• Bulent Murtezaoglu Says:

                I actually think you are being too kind, but far be it from me to advocate aggression and/or vitriol. (I’m helping Fmearkli here in the second part of the sentence, the next time someone asserts a material falsehood and and I call them nasty names he can make this about me lying and being inconsistent.)

                And let me state this right away: my motivation in writing this is because I am truly fed up and over-saturated by the immorality of the media, the lies, and the publishing policies of Zaman of Taraf. (I am in the process of writing about this issue–the lies and fabrication of facts, soon I will post it).

                I am actually interested not only in that, but also in the process through which people become aware of just what kind of publications and staff we were dealing with. To me and quite a few people I know, what Taraf was became obvious within a few months (if not weeks) after its publication. Zaman and Today’s Zaman are an easier case if you read both. Same goes for many of the visible ‘liberal’s etc. Yet people say that they have become disillusioned with these publications only recently. I’m willing to take them at their word, but would like to know what took them so long. Printing outright lies and despicable attempts at manipulation is not new in our press, of course. We knew the rest of the bigger ones were like that. At least I assume we did. I’d like to know what made people think the newer dailies were different, at least for while. Wishful thinking? Too little time or inclination to fact-check? Too impressed by ‘respected’ names? Too much value attributed to the advertised missions? Too much faith in the press ‘serving’ us in some sense and thinking that it is a matter of getting a ‘good’ one?

                It isn’t just a matter of saying this or that publication is somehow bad. These things do not exist in vacuum, they have readerships and those readerships are not worthless — especially in the case of Taraf they tend to be luckier and better educated than most. The importance of exposing what’s wrong with Taraf is dwarfed by the importance of figuring out how Taraf gets away with being what it is.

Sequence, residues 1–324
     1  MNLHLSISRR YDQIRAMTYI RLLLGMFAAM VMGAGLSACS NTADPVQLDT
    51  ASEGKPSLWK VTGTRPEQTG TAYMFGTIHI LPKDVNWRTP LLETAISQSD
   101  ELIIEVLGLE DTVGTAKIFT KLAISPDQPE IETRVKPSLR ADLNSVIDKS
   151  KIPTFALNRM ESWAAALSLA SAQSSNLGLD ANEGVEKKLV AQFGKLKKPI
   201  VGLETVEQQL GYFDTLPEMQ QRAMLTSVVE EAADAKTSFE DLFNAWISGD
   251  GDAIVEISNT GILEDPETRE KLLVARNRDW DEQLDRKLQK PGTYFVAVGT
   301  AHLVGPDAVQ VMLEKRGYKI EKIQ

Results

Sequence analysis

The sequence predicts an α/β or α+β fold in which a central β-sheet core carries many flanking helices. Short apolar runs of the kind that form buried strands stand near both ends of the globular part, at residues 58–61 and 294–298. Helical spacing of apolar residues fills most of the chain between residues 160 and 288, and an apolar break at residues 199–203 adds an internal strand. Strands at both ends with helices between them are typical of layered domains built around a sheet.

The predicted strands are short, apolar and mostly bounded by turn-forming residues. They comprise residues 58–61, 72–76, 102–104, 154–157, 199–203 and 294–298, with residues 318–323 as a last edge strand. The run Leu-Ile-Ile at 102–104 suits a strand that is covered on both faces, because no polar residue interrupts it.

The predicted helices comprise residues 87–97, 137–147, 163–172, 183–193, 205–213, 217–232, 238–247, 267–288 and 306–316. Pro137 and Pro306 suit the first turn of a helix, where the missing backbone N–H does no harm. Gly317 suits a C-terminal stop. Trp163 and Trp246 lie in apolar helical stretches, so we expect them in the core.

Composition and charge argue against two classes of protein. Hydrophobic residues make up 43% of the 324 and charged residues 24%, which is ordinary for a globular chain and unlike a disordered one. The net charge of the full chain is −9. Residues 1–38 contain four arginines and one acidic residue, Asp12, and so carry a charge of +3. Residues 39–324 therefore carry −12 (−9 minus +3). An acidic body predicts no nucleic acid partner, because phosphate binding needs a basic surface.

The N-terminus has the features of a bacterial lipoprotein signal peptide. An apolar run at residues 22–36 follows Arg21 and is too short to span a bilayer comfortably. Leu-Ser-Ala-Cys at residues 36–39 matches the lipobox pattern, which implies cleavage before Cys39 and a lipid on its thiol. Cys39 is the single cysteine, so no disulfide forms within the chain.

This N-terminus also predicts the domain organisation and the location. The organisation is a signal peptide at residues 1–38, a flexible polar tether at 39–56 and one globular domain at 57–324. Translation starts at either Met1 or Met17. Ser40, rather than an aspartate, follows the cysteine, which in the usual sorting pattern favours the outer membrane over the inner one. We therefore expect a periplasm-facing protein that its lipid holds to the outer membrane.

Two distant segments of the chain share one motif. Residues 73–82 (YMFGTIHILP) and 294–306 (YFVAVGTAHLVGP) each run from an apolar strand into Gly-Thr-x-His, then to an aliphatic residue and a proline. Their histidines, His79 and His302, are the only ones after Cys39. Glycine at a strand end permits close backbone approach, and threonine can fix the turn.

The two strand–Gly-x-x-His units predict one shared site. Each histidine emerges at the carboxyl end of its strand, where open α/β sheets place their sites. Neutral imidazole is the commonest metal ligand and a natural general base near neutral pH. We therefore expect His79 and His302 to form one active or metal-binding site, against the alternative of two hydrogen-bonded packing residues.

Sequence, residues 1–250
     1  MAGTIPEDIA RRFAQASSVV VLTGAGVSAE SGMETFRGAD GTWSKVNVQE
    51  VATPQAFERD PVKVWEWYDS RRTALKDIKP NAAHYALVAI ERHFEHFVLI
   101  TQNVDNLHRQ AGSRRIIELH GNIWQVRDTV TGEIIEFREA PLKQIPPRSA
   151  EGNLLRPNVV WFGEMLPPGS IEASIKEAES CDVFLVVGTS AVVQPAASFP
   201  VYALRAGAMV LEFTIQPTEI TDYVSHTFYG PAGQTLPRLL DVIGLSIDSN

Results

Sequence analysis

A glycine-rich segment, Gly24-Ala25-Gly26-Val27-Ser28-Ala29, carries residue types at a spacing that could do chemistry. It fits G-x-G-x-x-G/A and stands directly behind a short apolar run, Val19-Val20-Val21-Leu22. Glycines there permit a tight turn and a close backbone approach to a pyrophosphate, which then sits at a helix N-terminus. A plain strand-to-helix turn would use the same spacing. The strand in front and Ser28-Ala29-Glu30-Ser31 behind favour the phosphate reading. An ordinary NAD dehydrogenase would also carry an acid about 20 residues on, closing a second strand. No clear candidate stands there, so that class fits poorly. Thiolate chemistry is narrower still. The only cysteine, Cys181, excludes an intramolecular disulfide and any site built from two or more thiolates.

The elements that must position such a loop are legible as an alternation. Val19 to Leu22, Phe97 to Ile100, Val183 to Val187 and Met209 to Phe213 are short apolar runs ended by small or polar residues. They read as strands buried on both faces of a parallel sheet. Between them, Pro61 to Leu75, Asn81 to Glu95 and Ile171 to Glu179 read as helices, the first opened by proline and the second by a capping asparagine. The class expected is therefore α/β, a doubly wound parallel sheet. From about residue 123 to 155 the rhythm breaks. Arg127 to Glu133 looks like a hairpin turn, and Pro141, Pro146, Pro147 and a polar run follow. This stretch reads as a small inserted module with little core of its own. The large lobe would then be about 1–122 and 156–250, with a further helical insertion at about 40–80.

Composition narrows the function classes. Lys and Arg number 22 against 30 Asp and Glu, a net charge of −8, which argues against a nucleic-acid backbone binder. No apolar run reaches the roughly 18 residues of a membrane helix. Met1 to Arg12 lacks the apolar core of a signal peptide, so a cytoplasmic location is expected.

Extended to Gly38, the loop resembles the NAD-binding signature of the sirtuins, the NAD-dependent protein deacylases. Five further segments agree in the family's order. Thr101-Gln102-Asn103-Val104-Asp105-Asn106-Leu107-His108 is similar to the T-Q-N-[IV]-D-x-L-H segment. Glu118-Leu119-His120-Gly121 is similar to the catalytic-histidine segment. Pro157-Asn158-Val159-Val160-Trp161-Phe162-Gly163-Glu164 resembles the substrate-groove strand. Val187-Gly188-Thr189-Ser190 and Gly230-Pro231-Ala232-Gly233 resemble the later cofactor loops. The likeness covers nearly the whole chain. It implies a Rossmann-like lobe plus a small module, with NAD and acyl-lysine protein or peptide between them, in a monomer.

I wouldn’t know how to do any of this research. I would love to see it done though. Any takers? Who do we badger about this?

                Cevapla

                • cdogangercekler Says:

                  A first step is to document the falsehoods and manipulation, since we suspect a lot has to do with the lack of reliable information. We have been trying to do this for Balyoz. See http://medyatakibi.wordpress.com/ for another interesting and very useful attempt.

                  Cevapla

                • acracia Says:

                  Bulent Bey:

                  I think we agree on this. There are several issues in relation to what you said here:

                  “I am actually interested not only in that, but also in the process through which people become aware of just what kind of publications and staff we were dealing with.”

                  Thinking of their first publishing contexts, in my humble opinion the reason why *some* people engaged with these two newspapers was not exactly the same.

                  When Zaman/Today’s Zaman first started coming out, a lot of us wanted to engage this newspaper because not only it represented a segment of the society that had become a dark horse because of staunch secularists or the so-called Kemalists, but also because “embracing” (so to speak) Zaman or Today’s Zaman meant embracing that segment of the society that Kemalists sought to push away. I know I did, together with other people I know. In this sense, this was an attempt to engage in a dialogue with that segment of the society for those who were not coming from that kind of background. So, many intellectuals started writing there, recognizing that under-heard segment of the society and showing their alliances with the people from that background. I believe many foreign scholars engaged Zaman/Today’s Zaman with similar intent: because we were all fed up with some Kemalists demonizing pious people, and especially TZ seemed to try to show the foreigners “see how much more liberal we are than secularists.” This might explain the differences between Zaman and Today’s Zaman as TZ seems to seek foreign support.